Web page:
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Old 04-20-2010, 03:03 PM   #8296
Sniper X
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All I use on alloy wheels now is wheel cle3aner that is rated for them. Or very hot soapy water.....I am going to stick a set of Excells (blue) SM on the Husqa and nEVeR go near simple green or degreaser whilst at the car wash again!
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Old 04-20-2010, 04:42 PM   #8297
DELTATANGO
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What would happen to a Glock if you soaked it in brake cleaner for a week?

I'm serious. What would it do? If not a week a year. I bet it would dissolve.



PS All Glocks are single action.

DELTATANGO screwed with this post 04-20-2010 at 07:03 PM
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Old 04-20-2010, 05:26 PM   #8298
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Quote:
Originally Posted by Sniper X
I was friggin livid. Almost wrote a stern but useless letter to Simplyshittygreen.

A bit off topic. Simple green was a linked cause with bicycle chains braking/failure a few years ago after "soaking" overnight.....one mag "guru" wrote about the practice of overnight soaking, and the failures followed.
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Old 04-20-2010, 09:04 PM   #8299
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I like the smell of it.
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Old 04-21-2010, 04:55 AM   #8300
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I used Simple Green Concentrate on two guns last night, both stainless steel. My conclusion is that it works very well on anything but the toughest gun grime. The 'acid test' was the cylinder from my .44 magnum. The grime on the sides and rear, which consisted primarily of powder residue, came off much easier than it had with other cleaners I've tried. The accumulated gunk on the front on the cylinder was another matter. This was a combination of powder residue and lead dust (I use cast lead bullets) that had been baked on by hot combustion gasses. I managed to get about 90% of it off, using a toothbrush, a scouring pad, and finally a bronze brush. It took a lot of elbow grease, and I'm still not satisfied with the result. I might try steel wool tonight.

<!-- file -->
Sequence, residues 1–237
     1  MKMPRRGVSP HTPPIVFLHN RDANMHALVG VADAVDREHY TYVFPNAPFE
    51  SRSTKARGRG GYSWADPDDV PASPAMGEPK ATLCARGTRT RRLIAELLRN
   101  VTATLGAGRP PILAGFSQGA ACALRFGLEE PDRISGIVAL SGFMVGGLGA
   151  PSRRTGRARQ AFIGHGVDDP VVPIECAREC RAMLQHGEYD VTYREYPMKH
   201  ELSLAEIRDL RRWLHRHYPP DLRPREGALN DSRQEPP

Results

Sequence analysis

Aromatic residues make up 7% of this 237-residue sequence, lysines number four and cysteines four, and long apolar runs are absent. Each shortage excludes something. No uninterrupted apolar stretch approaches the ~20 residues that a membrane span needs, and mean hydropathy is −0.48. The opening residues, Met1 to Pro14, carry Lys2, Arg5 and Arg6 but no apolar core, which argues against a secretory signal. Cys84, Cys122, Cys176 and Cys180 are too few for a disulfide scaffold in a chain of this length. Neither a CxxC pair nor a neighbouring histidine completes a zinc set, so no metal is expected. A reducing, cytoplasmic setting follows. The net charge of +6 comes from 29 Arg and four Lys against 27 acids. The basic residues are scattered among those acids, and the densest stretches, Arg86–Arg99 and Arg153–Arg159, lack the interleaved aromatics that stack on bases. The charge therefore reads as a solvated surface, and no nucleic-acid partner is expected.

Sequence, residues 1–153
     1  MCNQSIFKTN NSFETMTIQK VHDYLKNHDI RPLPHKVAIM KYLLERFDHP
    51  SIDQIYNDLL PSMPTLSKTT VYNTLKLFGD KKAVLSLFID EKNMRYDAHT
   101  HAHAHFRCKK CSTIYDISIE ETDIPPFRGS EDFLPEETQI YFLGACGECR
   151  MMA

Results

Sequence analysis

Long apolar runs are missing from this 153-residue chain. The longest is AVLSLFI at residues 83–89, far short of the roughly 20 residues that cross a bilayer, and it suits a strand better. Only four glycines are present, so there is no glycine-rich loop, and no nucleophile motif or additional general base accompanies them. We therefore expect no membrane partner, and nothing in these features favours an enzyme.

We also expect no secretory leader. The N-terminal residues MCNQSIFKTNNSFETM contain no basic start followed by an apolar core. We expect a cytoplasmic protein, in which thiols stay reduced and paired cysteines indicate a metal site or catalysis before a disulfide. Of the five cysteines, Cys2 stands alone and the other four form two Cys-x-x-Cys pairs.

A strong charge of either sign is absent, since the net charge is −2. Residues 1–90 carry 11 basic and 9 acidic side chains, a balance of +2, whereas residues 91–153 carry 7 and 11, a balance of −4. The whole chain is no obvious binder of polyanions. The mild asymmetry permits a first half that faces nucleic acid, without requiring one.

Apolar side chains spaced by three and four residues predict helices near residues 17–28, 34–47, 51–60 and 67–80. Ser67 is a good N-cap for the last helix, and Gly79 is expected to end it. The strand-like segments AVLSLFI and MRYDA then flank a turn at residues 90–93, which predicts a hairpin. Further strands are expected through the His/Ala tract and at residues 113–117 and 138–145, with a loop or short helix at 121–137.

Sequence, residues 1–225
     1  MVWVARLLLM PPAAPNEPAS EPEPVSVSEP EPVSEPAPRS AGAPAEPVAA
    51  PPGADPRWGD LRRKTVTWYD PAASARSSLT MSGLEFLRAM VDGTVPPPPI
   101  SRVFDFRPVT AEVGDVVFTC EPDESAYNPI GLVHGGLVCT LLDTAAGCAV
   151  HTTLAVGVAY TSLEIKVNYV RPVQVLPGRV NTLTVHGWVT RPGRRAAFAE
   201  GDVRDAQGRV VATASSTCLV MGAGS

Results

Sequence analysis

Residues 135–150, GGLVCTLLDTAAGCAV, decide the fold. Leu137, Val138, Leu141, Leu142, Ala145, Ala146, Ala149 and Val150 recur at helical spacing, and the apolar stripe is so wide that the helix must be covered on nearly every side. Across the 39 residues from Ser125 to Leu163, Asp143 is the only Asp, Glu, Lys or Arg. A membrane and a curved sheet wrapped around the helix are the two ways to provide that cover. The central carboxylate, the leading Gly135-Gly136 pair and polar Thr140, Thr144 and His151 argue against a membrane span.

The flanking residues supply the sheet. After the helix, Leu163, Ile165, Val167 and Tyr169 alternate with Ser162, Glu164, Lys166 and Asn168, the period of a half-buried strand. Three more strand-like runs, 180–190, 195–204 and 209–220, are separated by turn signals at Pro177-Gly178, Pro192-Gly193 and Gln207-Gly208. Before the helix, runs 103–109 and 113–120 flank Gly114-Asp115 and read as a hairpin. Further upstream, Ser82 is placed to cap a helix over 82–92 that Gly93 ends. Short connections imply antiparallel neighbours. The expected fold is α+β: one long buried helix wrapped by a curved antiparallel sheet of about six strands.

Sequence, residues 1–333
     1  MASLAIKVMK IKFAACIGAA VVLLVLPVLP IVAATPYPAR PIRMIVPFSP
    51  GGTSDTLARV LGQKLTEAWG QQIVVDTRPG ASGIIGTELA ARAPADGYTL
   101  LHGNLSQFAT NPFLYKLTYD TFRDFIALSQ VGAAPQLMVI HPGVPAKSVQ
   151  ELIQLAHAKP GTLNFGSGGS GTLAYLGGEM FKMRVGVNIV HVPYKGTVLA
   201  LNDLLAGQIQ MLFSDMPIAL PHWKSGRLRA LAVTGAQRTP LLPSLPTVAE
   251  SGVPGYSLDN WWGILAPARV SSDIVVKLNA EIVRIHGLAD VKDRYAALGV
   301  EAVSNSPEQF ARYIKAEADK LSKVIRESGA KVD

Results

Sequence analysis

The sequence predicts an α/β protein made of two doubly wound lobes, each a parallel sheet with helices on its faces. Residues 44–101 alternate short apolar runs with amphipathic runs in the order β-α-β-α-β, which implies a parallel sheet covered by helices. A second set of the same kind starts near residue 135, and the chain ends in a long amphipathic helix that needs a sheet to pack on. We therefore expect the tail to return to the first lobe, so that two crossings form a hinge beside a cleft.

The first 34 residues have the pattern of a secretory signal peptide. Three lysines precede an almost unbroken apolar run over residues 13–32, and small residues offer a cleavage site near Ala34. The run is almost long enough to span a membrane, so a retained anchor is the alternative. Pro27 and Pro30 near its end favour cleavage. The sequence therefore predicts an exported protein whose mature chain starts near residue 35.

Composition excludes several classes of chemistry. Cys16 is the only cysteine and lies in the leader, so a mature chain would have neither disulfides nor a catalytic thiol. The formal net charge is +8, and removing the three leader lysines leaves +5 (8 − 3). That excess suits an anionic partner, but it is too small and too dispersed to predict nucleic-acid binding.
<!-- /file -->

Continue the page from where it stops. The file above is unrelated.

Next came my Kimber .45ACP. This one was a breeze by comparison. Dirt just melted off. The only part that required any scrubbing was the area around the feed ramp where lead residue had accumulated. I left the parts out to dry after flushing them with hot water, and checked the results this morning. It now looks like a gun which has never been fired.
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Old 04-21-2010, 05:16 AM   #8301
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Quote:
Originally Posted by Aurelius
I used Simple Green Concentrate on two guns last night, both stainless steel. My conclusion is that it works very well on anything but the toughest gun grime. The 'acid test' was the cylinder from my .44 magnum. The grime on the sides and rear, which consisted primarily of powder residue, came off much easier than it had with other cleaners I've tried. The accumulated gunk on the front on the cylinder was another matter. This was a combination of powder residue and lead dust (I use cast lead bullets) that had been baked on by hot combustion gasses. I managed to get about 90% of it off, using a toothbrush, a scouring pad, and finally a bronze brush. It took a lot of elbow grease, and I'm still not satisfied with the result. I might try steel wool tonight.

Next came my Kimber .45ACP. This one was a breeze by comparison. Dirt just melted off. The only part that required any scrubbing was the area around the feed ramp where lead residue had accumulated. I left the parts out to dry after flushing them with hot water, and checked the results this morning. It now looks like a gun which has never been fired.
You are working way too hard on that revolver.

http://www.midwayusa.com/viewProduct...tNumber=623952
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Old 04-21-2010, 05:26 AM   #8302
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Quote:
Originally Posted by Nuclear Fishin'
You are working way too hard on that revolver.

http://www.midwayusa.com/viewProduct...tNumber=623952
I've seen that product advertised, but have no personal experience with it. The problem that I see is that a piece of cloth, no matter how effectively it may clean, can't do any good on surfaces it can't reach. There are all sorts of small crevices in the frame of a revolver that you just can't get a cloth into.
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Old 04-21-2010, 05:56 AM   #8303
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Quote:
Originally Posted by Aurelius
I've seen that product advertised, but have no personal experience with it. The problem that I see is that a piece of cloth, no matter how effectively it may clean, can't do any good on surfaces it can't reach. There are all sorts of small crevices in the frame of a revolver that you just can't get a cloth into.